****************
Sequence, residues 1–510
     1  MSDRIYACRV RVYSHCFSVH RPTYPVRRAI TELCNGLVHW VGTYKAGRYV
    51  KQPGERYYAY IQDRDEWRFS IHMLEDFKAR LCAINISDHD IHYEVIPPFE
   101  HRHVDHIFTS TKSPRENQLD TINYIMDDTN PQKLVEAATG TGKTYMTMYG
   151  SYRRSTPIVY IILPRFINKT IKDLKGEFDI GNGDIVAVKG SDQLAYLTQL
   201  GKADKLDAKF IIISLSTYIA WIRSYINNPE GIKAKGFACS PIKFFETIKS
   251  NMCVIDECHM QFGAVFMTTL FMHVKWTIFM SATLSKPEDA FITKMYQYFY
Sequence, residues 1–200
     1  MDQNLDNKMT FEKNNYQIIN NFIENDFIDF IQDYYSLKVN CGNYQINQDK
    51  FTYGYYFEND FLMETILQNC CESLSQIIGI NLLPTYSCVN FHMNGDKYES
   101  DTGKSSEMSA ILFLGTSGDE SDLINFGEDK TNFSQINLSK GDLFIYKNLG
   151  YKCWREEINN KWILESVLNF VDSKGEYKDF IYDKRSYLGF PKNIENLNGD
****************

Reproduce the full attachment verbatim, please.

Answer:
Sequence, residues 1–510
     1  MSDRIYACRV RVYSHCFSVH RPTYPVRRAI TELCNGLVHW VGTYKAGRYV
    51  KQPGERYYAY IQDRDEWRFS IHMLEDFKAR LCAINISDHD IHYEVIPPFE
   101  HRHVDHIFTS TKSPRENQLD TINYIMDDTN PQKLVEAATG TGKTYMTMYG
   151  SYRRSTPIVY IILPRFINKT IKDLKGEFDI GNGDIVAVKG SDQLAYLTQL
   201  GKADKLDAKF IIISLSTYIA WIRSYINNPE GIKAKGFACS PIKFFETIKS
   251  NMCVIDECHM QFGAVFMTTL FMHVKWTIFM SATLSKPEDA FITKMYQYFY
Sequence, residues 1–200
     1  MDQNLDNKMT FEKNNYQIIN NFIENDFIDF IQDYYSLKVN CGNYQINQDK
    51  FTYGYYFEND FLMETILQNC CESLSQIIGI NLLPTYSCVN FHMNGDKYES
   101  DTGKSSEMSA ILFLGTSGDE SDLINFGEDK TNFSQINLSK GDLFIYKNLG
   151  YKCWREEINN KWILESVLNF VDSKGEYKDF IYDKRSYLGF PKNIENLNGD